Research

Surface Chemistry and Catalysis

Our research focuses on the fundamental understanding of structure-reactivity relationships of nanocatalysts for heterogeneous catalysis. The research involves controlled catalyst growth by design, in-situ characterization of catalyst structures, as well as chemical mechanism studies. The design and synthesis of catalytic materials with controlled structures and characteristics at the atomic/molecular scale as well as a thorough characterization coupled with the understanding of the local structure can provide important knowledge for the engineering of materials with desirable properties for specific applications.

 

We use two approaches to investigate heterogeneous nanocatalysts. Surface science studies of well-defined model surfaces under ultrahigh vacuum conditions using combined spectroscopy and microscopy techniques can achieve full control and characterization of catalytic systems as well as catalytic reaction conditions. This approach can enable identification of molecules, catalyst clusters, and substrates of interest, assist with understanding the detailed reaction mechanism, and provide the connection between chemical properties and designed structures at the atomic/molecular scale. Catalytic studies of powders and nanostructures under reactor conditions can address an important question whether the results obtained using model catalysts are representative of real-world catalysts.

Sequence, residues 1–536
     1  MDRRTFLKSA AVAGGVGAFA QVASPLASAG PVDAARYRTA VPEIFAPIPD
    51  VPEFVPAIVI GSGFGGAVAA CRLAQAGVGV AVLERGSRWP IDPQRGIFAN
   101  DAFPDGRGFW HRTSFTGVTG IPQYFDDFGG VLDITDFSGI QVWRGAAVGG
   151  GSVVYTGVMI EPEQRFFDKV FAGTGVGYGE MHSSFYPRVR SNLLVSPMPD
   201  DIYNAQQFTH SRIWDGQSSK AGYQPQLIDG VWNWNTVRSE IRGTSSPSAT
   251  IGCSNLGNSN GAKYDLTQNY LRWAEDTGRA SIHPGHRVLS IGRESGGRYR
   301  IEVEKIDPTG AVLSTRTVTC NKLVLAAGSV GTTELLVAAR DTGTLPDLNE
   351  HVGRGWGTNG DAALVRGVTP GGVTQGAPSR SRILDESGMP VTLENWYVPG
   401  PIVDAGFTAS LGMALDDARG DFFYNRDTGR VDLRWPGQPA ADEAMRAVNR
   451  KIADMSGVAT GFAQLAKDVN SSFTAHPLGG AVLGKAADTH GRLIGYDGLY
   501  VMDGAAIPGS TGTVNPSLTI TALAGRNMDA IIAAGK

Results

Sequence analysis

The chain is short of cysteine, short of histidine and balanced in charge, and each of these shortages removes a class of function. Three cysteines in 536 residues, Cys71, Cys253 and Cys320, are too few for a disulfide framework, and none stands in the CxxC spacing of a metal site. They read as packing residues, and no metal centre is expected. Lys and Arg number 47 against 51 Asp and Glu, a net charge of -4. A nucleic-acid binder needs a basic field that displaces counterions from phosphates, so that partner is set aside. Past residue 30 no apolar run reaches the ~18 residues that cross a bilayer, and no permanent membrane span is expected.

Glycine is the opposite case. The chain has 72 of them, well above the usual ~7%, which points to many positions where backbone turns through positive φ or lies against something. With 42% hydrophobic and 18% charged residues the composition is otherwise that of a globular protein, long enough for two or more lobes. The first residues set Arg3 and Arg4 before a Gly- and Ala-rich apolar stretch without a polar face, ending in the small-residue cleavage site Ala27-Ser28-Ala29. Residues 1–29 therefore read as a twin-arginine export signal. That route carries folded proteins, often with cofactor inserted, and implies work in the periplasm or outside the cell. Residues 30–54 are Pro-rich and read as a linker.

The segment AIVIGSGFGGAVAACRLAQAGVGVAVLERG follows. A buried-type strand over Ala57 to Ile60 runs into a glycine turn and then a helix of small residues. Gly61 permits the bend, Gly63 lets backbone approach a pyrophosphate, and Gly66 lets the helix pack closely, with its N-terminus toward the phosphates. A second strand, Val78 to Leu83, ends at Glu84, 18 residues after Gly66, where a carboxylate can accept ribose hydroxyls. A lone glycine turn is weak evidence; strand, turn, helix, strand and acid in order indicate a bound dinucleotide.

Current Research Topics

    Structures and chemical states of ceria-supported metal nanoparticles

    Growth and characterization of metal dopant/ceria mixed oxide surfaces

    Structure and chemistry of metal nanoparticles supported on metal-doped ceria

    Multi-functional doped ceria-supported metal nanocatalysts for dry reforming of methane

    Studies of transition metal-tailored MoS2

 

 

https://doi.org/10.1016/j.susc.2020.121624

 

 

https://doi.org/10.1021/jp1007279

 

 

 

https://doi.org/10.1021/jz1003044; https://doi.org/10.1021/jz1004297

 

 

 

https://doi.org/10.1016/j.apsusc.2020.145850

 

 

 

Design of modular control systems for live monitoring of long-term

and multi-channel dry reforming of hydrocarbon reactions

 

 

 

Funding Support

 

536B84E5E896B7F1